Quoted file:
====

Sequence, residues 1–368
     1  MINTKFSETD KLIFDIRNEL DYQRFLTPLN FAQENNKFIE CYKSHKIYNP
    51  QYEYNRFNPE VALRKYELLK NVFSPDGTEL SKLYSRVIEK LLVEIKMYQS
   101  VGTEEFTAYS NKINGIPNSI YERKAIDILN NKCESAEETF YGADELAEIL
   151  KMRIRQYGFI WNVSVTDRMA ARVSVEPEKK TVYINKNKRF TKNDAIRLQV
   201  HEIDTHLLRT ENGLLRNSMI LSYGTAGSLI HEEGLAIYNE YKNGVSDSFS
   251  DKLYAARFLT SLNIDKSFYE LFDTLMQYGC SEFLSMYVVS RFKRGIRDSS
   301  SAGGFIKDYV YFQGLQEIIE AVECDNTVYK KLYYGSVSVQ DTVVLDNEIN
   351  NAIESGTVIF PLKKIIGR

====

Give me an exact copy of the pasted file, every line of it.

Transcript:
Sequence, residues 1–368
     1  MINTKFSETD KLIFDIRNEL DYQRFLTPLN FAQENNKFIE CYKSHKIYNP
    51  QYEYNRFNPE VALRKYELLK NVFSPDGTEL SKLYSRVIEK LLVEIKMYQS
   101  VGTEEFTAYS NKINGIPNSI YERKAIDILN NKCESAEETF YGADELAEIL
   151  KMRIRQYGFI WNVSVTDRMA ARVSVEPEKK TVYINKNKRF TKNDAIRLQV
   201  HEIDTHLLRT ENGLLRNSMI LSYGTAGSLI HEEGLAIYNE YKNGVSDSFS
   251  DKLYAARFLT SLNIDKSFYE LFDTLMQYGC SEFLSMYVVS RFKRGIRDSS
   301  SAGGFIKDYV YFQGLQEIIE AVECDNTVYK KLYYGSVSVQ DTVVLDNEIN
   351  NAIESGTVIF PLKKIIGR